Preserving Medicare, a Matter of Arithmetic

May 14th, 2011 | By Sharon Shaw Elrod MSW EdD | Category: Social Security & Medicare

Paul Krugman wrote an Op Ed in the New York Times on May 12 that is hard to argue with.  His logic just makes sense.
Freshmen congressmen/women’s attempts to dismantle Medicare will backfire on them.  This is a summary of Krugman’s points:

  • Services for senior citizens (Medicare, Medicaid, Social Security) constitute the greatest bulk of federal spending after defense and interest paid on loans;
  • A lot more people are now relying on social insurance programs; in 2007, there were 20.9 Americans 65 and older for every 100 Americans between the ages of 20 and 64; by 2020, the Social Security Administration expects that number to rise to 27.5, and to 31.7 by 2025. 
  • The Baby Boomers are retiring now, and they will likely continue to exercise their rights to vote in local, state and federal elections.
  • So with an aging population and rising health costs, continuing anything like the programs for seniors we now have will require a significant increase in spending on these programs as a percentage of G.D.P. And unless we offset that rise with drastic cuts in defense spending, this means a substantial rise in overall spending, which we can afford only if taxes rise.  (It’s a matter of arithmetic.)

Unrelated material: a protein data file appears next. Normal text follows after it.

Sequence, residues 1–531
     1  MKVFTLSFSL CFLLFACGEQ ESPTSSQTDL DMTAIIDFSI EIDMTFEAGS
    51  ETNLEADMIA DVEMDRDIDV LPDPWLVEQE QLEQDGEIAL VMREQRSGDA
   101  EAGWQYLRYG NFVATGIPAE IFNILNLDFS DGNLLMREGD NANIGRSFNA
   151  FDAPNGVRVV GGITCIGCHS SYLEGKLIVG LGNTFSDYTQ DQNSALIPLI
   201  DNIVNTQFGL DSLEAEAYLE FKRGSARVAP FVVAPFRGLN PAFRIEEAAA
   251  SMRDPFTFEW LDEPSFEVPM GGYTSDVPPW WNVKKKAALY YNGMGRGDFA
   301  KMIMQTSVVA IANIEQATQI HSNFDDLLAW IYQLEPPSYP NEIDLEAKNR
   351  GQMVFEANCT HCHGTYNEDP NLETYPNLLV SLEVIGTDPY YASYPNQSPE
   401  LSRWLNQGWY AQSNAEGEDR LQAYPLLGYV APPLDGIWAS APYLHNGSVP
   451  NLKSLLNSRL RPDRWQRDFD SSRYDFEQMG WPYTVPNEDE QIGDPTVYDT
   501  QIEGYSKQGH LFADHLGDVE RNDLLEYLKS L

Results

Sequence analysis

• Senior voters support candidates who promise to leave Social Security, Medicare and Medicaid intact; just take a look at the past decade and how seniors swung, depending upon what we were promised.
  • Taxes have to increase to pay for increasing numbers of senior citizens who qualify for Social Security and Medicare and/or Medicaid.

Any rigid anti-tax position is the enemy of the senior-oriented programs that account for much of federal spending.  Krugman says, “And that’s something voters ought to know.”  SCJ agrees.



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  1. [...] could be assured for Baby Boomers and those reaching their senior years with one simple change:  Lift the employer payroll tax limit (Now at $108K) so that the wealthy pay their fair share of taxes.  That single move alone would [...]

  2. [...] straight.  We senior citizens are expected to cave in to demands to increase the retirement age, lose some Medicare benefits and look forward to changes in both Medicare and Social Security that could impact our very [...]

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